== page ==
This d’var Torah was originally distributed by Kolel: The Adult Center for Jewish Learning during the year 5760 and can be found in its archives.

The dramatic contest of wills between God and Pharoah is coming to a climax: the plagues upon Egypt become steadily more punitive, culminating with the death of the first born. Before the final plague, Moshe and Aaron are given instructions by God to make a sacrifice, and to place the blood on the doorposts of the Israelite houses. Further instructions are given to eat unleavened bread and bitter herbs; this becomes the source of our Passover traditions. The firstborn of the Egyptians are struck dead, and this is the final blow to Pharaoh, who sends the entire Israelite people out in the middle of the night. Commandments concerning Passover and the sanctification of the firstborn are given as a remembrance of the Exodus.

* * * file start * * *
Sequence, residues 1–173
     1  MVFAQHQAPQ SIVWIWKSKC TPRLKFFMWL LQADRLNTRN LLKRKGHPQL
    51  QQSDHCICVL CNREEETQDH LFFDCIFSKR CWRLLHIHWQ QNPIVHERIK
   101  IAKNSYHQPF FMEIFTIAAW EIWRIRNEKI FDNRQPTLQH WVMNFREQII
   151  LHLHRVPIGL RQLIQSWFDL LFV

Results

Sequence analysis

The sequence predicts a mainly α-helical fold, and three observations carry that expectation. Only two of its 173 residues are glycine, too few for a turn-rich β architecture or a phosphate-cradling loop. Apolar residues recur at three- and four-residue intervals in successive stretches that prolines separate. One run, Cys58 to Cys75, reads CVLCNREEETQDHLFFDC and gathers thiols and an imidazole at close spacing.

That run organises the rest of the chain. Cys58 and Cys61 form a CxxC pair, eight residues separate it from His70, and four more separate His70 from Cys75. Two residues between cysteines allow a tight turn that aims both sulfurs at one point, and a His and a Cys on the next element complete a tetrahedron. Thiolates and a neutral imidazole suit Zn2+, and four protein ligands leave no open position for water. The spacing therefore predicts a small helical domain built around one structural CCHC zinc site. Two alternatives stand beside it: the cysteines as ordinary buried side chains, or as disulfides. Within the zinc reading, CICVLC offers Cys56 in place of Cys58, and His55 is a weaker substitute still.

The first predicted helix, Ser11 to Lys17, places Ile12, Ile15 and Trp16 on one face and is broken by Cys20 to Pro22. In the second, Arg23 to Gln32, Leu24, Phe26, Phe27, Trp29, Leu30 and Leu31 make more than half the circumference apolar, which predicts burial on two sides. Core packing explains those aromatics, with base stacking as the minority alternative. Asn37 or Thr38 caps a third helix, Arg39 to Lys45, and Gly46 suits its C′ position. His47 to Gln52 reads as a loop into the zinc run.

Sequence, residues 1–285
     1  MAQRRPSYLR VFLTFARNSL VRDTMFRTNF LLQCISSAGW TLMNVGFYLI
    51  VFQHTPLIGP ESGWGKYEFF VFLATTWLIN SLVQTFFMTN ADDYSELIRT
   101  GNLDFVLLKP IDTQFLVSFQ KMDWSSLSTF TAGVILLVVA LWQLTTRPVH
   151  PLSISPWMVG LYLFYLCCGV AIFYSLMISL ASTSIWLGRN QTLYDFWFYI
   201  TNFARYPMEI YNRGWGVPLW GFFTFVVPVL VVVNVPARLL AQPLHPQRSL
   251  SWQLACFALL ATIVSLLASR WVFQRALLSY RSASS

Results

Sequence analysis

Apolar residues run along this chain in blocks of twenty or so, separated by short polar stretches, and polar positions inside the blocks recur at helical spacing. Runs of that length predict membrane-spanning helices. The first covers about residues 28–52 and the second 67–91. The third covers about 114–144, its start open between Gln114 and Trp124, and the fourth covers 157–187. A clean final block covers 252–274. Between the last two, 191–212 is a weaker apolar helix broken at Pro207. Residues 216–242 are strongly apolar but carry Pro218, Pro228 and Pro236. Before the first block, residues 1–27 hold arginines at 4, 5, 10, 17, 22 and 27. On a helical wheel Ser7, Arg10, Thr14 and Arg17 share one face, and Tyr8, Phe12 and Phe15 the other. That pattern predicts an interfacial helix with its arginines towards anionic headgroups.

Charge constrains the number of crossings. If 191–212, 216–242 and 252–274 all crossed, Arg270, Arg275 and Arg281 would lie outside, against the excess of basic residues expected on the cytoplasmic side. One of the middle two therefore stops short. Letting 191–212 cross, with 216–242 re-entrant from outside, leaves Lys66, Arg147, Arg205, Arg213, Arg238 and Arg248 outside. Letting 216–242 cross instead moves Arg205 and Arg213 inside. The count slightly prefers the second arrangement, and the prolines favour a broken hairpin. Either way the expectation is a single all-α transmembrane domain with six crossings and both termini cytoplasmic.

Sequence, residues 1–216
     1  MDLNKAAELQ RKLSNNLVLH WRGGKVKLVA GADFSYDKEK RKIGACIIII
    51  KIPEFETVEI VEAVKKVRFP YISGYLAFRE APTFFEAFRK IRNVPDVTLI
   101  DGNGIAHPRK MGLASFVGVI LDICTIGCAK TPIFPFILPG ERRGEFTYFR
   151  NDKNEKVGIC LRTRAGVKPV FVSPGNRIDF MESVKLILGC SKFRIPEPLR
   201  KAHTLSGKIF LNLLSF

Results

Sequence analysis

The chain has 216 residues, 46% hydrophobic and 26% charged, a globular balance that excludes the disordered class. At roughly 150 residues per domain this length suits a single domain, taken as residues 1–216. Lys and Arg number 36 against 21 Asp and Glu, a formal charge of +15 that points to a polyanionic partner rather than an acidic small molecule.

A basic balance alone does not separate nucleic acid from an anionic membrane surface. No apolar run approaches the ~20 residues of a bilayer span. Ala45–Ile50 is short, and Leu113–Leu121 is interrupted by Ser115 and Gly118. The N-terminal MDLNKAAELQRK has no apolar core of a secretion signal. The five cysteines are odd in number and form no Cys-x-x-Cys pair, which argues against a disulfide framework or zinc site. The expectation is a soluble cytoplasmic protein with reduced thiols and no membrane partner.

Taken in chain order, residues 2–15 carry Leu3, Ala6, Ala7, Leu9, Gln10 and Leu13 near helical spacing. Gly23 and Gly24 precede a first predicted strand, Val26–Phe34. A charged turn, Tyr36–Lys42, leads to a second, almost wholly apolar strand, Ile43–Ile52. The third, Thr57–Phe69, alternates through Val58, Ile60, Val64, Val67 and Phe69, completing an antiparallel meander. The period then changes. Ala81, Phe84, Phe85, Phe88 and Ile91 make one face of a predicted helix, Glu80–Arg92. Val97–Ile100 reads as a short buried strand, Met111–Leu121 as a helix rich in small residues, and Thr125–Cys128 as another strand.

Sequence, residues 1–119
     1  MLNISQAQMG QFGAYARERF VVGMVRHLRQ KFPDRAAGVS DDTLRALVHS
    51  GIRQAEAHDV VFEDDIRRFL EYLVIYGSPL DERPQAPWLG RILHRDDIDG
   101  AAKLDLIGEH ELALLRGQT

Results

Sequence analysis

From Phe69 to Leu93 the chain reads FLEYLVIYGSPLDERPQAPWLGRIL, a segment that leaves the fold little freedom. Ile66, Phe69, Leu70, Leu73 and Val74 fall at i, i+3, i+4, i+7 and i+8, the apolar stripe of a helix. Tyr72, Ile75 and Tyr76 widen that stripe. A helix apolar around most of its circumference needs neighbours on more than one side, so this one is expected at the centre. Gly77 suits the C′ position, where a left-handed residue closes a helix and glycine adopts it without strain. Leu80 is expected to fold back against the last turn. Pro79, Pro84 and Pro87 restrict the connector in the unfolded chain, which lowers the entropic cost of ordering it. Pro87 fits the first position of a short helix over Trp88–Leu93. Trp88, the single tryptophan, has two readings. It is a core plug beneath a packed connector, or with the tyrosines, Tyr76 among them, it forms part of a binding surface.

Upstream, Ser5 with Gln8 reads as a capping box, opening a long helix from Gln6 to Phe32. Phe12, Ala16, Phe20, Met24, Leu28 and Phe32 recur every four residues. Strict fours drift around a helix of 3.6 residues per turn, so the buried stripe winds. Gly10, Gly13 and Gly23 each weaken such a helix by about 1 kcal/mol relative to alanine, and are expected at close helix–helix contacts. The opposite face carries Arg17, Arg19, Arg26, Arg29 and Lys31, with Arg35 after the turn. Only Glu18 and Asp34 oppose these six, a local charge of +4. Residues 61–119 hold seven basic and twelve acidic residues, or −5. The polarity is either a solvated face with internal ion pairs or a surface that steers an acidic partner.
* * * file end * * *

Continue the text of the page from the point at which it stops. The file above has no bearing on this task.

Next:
“He [Pharoah] called for Moshe and Aaron in the night and said: ‘Up and depart from among my people, both you and the Israelites with you! Go and worship God as you have spoken! Take also your flocks and your cattle, as you said, and go- and bless me too! “
(Exodus 12:31-32)

The death of the first born is the final, most terrible plague that God brings upon the recalcitrant, stubborn Egyptian monarch and his people. After the previous afflictions upon Egypt, Pharoah had offered partial freedom or small concessions to Moshe, but now, finally, even the deified king Pharoah must admit defeat. He surrenders almost unconditionally, allowing Moshe to take all the Israelites and all of their property and leave behind forever the bonds of slavery.